silveryscrape (silveryscrape) wrote,
silveryscrape
silveryscrape

School, ptooey. That's all I have to say about that. Except, anyone want to help me with an essay? Here, you do this one, and I'll do the other seven:

Analyze some of the key issues facing graduate education, currently and in the future, including nursing's fit within academe, the faculty shortage, faculty workload, economic and resource influences, and the current shifting sands about graduate preparation in terms of the doctorate of nursing practice and if and where it fits. Support your arguments with detail from the literature and personal experience.

Due tomorrow. Don't forget the module responses, the journal article, the powerpoint of the journal article, the discussion responses, and, oh yeah! The other class. Hey, thanks a lot! I really appreciate'cha.

*weeps*

In better news, I got to learn how to do this cool dressing change the other day. Here's what the system looks like, all set up. Basically, for any deep wound with a lot of drainage or, conversely, too little drainage (a dry wound with necrotic gunk), we line it with this foam stuff and then apply vacuum -- the negative pressure draws the edges of the wound together, clears out any pus, etc., and encourages the growth of new tissue in the bed of the wound. It works just like like magic science fiction.

The actual dressings look like thick furnace filters. They can be carved down to fit the exact shape of the wound, and little bits and pieces can be jammed in to fill up nooks and crannies and tunnels (just gotta keep track of how many bits and pieces, because new flesh has a tendency to grow through and over the sponges, ew). Then a clear dressing is applied on top to make a seal, and a vacuum hose is stuck on that. When the vacuum machine is turned on, it's so cool -- you can actually see the sponge crush down into the wound, and the edges of the wound draw together, and gunk immediately starts flowing out through the tube into the collection cannister. Not a great feeling for the patient, but the discomfort passes pretty quickly, I'm told.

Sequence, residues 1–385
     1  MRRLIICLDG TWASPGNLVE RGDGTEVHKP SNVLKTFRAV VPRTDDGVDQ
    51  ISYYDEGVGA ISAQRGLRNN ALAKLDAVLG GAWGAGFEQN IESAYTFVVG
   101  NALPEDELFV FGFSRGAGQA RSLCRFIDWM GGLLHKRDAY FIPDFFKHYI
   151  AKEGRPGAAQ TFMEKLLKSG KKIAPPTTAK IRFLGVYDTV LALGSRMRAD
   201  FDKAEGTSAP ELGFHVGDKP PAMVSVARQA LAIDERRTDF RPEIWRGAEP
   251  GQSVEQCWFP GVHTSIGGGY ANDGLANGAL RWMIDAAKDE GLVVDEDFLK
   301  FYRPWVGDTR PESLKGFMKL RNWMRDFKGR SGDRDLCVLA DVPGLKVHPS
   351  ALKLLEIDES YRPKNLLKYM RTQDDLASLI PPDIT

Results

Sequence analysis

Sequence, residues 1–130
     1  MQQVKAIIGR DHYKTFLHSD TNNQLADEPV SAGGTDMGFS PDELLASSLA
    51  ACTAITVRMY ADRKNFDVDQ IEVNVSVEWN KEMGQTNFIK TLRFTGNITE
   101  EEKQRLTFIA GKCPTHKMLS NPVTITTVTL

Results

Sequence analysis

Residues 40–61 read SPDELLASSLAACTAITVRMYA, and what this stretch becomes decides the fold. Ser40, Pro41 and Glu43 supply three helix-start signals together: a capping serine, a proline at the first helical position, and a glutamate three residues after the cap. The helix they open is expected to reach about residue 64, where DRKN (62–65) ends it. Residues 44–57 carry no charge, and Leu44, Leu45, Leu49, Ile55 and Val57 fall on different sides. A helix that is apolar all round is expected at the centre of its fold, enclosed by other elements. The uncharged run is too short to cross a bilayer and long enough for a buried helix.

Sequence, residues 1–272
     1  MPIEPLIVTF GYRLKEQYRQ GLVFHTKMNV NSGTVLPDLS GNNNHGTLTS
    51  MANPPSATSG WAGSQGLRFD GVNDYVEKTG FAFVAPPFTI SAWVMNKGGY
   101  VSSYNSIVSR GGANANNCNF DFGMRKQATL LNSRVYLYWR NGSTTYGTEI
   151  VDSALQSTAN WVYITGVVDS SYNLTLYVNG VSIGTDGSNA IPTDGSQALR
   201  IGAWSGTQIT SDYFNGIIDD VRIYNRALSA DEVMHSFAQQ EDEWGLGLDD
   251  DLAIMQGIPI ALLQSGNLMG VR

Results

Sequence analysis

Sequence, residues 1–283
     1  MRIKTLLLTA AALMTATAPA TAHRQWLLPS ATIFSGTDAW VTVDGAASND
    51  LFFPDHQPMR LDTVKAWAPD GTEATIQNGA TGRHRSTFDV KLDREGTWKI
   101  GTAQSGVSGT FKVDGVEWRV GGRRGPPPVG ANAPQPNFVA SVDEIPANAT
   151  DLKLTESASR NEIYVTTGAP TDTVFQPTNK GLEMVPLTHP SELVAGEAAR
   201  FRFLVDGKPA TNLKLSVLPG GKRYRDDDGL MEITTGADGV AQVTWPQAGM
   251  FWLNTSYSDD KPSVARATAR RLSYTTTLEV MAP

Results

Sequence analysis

The patient I did the dressing change on has an ostomy right next to her midline incision, so that made fitting the clear dressing on top complicated. But the sponges and the opsites can be cut to fit any shape, and I just keep remembering my one poor lady back in the day who had the ostomy right next to her dehisced midline, and we couldn't get a good seal on her ostomy pouch because she had many """" rolls of fat, so all the poop kept seeping straight into her incision, guh, and... sorry. More breakfast, anyone? Anyway, a Wound Vac system would have been perfect for her, even though her incision was eight inches deep. Coulda packed that furnace filter right in there, and sucked out any gunk that seeped in. Also, the dressing changes are done only every other day, so that would have saved her from getting her gut packed and unpacked seven times a day, like we had to because of the poop.

Okay, that's plenty of that for today. :(



And in less gunky news (perhaps), Mal has discovered that if he spills a little water out of his bowl onto the kitchen floor, he can get a good sliding surface for the water bowl and the food bowl and himself. So every morning, after I've banished him in the wee hours for singing into my ear ("BRRRRRRRRRTTP" times a million, in many keys), I can hear him and the bowls skating around the kitchen floor and banging into cabinets and the fridge and the stove, and when I get up anymore I have to put on my slippers, because the kitchen floor becomes a lovely soup of mushy cat nuggets.

Oh, hey! One of my friends has a pregnant cat, so I might take one of the kitties. That oughta settle Mal right down, a little friend to play with. Right? o.0
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